Market Madness

Road to Resilience

393

When it comes to real estate, we on Vashon, like the rest of the country, have a schizoid relationship.  We seem to cheer on the rising property values as a sign of prosperity while at the same time worrying that housing prices are ever more unaffordable for a larger and larger segment of the community.  About 145 years ago, the American politician, writer, and activist Henry George wrote a book, Progress and Poverty, that proposed that individuals or groups own what they create but land belongs to all equally.  At a time of dramatic growth, urbanization, and industrialization, a parcel of rural land that was purchased for a pittance could be worth thousands of dollars a front foot as a city grew around it.  George’s main argument was that the owner of that property did not earn the appreciation on his property.  It was the people and businesses that moved in nearby that created the value.  Although his book was very popular in his day, he was promoting an idea that was, and still is, anathema for wealthy speculators and it was quickly forgotten.  When George died in New York in 1897, tens of thousands came out to pay him tribute.  But his ideas went against the grain, and I would be surprised if anybody reading this column has ever heard of him.  I was introduced to him by a big fan of his, Rose Ballen, back in 1990 when we, as original board members, incorporated Vashon Household.

Rising property value in the housing market is directly responsible for the housing unaffordability crisis we are facing today.  Until the last 50 years or so, there were still plenty of options for a home buyer, and as the supply decreased, the population grew, and real estate values went up, many a speculator traded their way into wealth and have continued to do so.  The problem now is that demand greatly exceeds supply, so those of modest means entering the market for the first time can find nothing they can possibly afford.
The great advantage of being a homeowner is that you have the opportunity to build equity.  For a middle-income person, a home is usually the largest asset they own.  If your parents did not get on the gravy train early on, then you may have no assets to build on and will be effectively denied an opportunity to buy a home.  The inequality in our country is directly related to assets.  When the stock market goes up, 75% of us do not participate in any significant way.  For older Americans, 28% rely on social security for 75% or more of their income.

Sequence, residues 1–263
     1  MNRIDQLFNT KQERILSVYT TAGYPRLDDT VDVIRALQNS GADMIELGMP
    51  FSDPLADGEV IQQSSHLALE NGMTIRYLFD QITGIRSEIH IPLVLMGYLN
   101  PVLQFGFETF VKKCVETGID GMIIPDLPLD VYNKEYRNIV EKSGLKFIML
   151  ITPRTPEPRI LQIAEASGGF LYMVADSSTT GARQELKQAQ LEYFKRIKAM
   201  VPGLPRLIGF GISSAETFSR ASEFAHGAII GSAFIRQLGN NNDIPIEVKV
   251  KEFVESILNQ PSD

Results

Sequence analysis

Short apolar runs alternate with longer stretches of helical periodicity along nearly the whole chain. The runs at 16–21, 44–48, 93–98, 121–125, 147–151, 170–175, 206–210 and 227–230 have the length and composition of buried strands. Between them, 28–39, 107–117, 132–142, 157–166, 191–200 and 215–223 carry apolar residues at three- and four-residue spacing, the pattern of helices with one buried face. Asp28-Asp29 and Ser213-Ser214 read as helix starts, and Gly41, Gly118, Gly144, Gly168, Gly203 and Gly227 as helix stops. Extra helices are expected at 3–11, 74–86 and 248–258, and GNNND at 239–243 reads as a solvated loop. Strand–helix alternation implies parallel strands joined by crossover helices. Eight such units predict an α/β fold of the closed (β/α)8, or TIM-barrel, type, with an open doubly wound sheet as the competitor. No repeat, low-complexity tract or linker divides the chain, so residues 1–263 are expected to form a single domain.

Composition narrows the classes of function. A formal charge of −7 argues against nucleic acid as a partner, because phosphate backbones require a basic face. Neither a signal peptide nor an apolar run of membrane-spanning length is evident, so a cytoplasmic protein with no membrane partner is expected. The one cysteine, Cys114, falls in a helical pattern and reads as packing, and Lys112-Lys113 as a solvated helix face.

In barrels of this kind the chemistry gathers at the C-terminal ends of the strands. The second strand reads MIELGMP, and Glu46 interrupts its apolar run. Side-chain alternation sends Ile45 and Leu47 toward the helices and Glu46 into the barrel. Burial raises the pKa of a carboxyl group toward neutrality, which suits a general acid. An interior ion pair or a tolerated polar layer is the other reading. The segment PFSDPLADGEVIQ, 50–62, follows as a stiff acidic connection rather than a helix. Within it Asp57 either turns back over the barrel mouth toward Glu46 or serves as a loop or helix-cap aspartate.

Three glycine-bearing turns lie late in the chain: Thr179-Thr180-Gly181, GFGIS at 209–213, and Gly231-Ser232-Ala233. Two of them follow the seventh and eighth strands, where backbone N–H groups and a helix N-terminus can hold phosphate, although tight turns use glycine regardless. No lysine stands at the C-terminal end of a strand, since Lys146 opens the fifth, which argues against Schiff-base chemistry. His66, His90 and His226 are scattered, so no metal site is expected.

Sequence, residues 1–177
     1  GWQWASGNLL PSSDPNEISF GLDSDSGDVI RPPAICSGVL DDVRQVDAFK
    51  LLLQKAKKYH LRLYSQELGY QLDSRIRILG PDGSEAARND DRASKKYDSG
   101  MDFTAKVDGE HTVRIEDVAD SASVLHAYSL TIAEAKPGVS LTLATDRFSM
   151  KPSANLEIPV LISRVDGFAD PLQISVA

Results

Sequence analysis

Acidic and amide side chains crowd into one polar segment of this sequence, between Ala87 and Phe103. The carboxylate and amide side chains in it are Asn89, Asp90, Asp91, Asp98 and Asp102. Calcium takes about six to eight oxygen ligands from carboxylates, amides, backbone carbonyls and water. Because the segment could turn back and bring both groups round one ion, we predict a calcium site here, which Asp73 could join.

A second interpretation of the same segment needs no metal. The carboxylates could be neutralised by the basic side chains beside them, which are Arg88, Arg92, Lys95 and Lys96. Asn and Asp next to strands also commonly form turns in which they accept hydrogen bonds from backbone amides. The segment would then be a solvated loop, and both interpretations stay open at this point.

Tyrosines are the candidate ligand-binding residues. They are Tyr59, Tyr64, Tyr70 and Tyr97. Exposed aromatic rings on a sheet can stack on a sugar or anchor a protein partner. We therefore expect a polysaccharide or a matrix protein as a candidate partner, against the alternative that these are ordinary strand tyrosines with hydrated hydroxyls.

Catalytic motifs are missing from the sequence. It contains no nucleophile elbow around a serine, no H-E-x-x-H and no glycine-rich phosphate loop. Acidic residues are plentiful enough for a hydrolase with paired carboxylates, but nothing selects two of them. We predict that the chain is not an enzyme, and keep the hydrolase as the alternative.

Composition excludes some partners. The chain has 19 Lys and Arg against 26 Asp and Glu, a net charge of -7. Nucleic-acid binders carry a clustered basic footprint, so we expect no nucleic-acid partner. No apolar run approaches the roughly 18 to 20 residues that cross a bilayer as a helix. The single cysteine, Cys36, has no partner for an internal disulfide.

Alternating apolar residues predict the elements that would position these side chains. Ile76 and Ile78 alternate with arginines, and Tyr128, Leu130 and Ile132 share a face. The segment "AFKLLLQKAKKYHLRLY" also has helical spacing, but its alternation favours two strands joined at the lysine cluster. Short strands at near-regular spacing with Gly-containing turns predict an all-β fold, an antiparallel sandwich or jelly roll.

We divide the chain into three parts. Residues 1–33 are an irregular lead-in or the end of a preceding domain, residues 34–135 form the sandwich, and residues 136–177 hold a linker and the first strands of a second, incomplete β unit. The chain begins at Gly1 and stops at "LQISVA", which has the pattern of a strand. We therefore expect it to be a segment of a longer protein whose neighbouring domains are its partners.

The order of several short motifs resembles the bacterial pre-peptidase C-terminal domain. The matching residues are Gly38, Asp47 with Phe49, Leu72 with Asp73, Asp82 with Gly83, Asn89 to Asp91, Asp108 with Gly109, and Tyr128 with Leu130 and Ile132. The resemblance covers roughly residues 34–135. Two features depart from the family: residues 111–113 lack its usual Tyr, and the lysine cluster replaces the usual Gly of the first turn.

During the housing crash of 2008, many thousands, maybe millions, lost their homes and their only source of equity.  These were forced into the rental market where their money simply gets consumed by a landlord and no equity accrues at all.  I would imagine that many who are homeless today as a result of the pandemic had mortgages on homes in 2008, and their fortunes may have been very different if they had been able to weather the crisis then.  Today, 11% of homes are vacant.

On Vashon, as of 2019, a third of all homes are in the $750,000 range and another third are above that.  Only 6 % of homes are valued at $300,000 or less, only 2% a $100,000 or less.  These figures are now probably too modest as houses all over the region are being furiously bid up above the asking price.  Right now, the only landowners that are not wealthy are those—or their families—that bought land 40 or more years ago.

Our mission at Vashon Household was and still is to create a community in which people at all income levels would have the opportunity to obtain a secure place to live.  In the twenty years I spent with Vashon Household, it seemed to me that we could only apply a Band-Aid to the problem.  Certainly, we built housing for hundreds of people now living in VHH projects, but they all involved massive subsidies and strict requirements for the recipients.  With the Roseballen project, we did create a limited Community Land Trust that allowed us to sell homes to those below the existing threshold for home buyers, and we were partially successful in limiting the profits from appreciation on the later sales of those properties.  At least that was the case when I was last involved fourteen years ago.

Today, the housing affordability crisis is even worse than when we formed Vashon Household thirty years ago.  Certainly not because of VHH, but because we as a society have not decided to give up the windfall profits of land speculation in favor of seeing to the needs of all the members of our community.  There are solutions but they are institutional changes and all outside the box.  Next time you consider cheering about the rising property values, think about what that means for our propertyless fellow islanders.

Comments?  terry@vashonloop.com